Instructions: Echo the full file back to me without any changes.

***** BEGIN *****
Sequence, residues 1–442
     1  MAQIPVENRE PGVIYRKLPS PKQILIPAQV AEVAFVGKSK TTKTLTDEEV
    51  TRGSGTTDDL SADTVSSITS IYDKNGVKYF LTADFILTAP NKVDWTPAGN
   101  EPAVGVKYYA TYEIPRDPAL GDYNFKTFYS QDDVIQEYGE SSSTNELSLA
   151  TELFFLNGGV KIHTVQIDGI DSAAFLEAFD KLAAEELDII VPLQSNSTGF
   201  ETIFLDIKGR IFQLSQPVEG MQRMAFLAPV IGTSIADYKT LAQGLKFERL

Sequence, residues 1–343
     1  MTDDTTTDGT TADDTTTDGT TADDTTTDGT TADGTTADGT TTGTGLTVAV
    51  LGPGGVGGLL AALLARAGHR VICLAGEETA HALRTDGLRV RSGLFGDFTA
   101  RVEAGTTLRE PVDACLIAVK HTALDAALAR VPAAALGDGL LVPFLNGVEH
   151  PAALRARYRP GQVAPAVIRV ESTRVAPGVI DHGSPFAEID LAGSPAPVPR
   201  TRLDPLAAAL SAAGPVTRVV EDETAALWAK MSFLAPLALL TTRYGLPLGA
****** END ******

Sequence, residues 1–442
     1  MAQIPVENRE PGVIYRKLPS PKQILIPAQV AEVAFVGKSK TTKTLTDEEV
    51  TRGSGTTDDL SADTVSSITS IYDKNGVKYF LTADFILTAP NKVDWTPAGN
   101  EPAVGVKYYA TYEIPRDPAL GDYNFKTFYS QDDVIQEYGE SSSTNELSLA
   151  TELFFLNGGV KIHTVQIDGI DSAAFLEAFD KLAAEELDII VPLQSNSTGF
   201  ETIFLDIKGR IFQLSQPVEG MQRMAFLAPV IGTSIADYKT LAQGLKFERL

Sequence, residues 1–343
     1  MTDDTTTDGT TADDTTTDGT TADDTTTDGT TADGTTADGT TTGTGLTVAV
    51  LGPGGVGGLL AALLARAGHR VICLAGEETA HALRTDGLRV RSGLFGDFTA
   101  RVEAGTTLRE PVDACLIAVK HTALDAALAR VPAAALGDGL LVPFLNGVEH
   151  PAALRARYRP GQVAPAVIRV ESTRVAPGVI DHGSPFAEID LAGSPAPVPR
   201  TRLDPLAAAL SAAGPVTRVV EDETAALWAK MSFLAPLALL TTRYGLPLGA